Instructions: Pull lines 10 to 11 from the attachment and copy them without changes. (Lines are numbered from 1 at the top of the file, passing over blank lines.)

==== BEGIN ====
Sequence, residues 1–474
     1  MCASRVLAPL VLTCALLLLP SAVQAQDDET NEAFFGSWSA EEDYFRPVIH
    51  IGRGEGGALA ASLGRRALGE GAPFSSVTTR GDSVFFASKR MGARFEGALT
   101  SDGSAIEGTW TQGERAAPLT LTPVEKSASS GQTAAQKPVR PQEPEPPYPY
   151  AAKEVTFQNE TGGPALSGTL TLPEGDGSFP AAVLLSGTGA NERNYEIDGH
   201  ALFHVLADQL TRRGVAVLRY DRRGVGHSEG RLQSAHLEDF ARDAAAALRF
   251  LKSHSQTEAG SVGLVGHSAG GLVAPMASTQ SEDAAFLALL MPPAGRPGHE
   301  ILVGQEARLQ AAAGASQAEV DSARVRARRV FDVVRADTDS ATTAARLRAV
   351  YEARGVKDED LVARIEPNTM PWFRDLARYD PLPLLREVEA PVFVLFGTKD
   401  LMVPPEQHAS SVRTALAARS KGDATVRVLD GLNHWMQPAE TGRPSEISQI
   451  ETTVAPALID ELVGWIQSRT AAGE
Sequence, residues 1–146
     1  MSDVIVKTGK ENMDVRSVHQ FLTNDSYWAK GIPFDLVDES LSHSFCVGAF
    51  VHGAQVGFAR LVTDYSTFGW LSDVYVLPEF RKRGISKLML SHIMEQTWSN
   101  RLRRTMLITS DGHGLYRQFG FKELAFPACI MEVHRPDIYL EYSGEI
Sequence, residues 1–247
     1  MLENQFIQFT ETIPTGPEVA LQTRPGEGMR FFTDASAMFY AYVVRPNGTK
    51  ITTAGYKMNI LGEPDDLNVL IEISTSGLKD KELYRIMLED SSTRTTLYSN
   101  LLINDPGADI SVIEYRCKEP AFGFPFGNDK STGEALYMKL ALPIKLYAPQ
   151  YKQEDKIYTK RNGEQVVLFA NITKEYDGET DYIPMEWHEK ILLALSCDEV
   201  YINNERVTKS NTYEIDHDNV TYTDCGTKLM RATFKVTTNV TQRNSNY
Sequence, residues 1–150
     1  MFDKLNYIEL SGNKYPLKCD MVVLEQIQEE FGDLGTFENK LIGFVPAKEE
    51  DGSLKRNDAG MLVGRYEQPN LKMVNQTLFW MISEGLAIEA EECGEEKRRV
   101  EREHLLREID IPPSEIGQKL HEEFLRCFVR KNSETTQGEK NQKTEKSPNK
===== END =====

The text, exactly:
   401  LMVPPEQHAS SVRTALAARS KGDATVRVLD GLNHWMQPAE TGRPSEISQI
   451  ETTVAPALID ELVGWIQSRT AAGE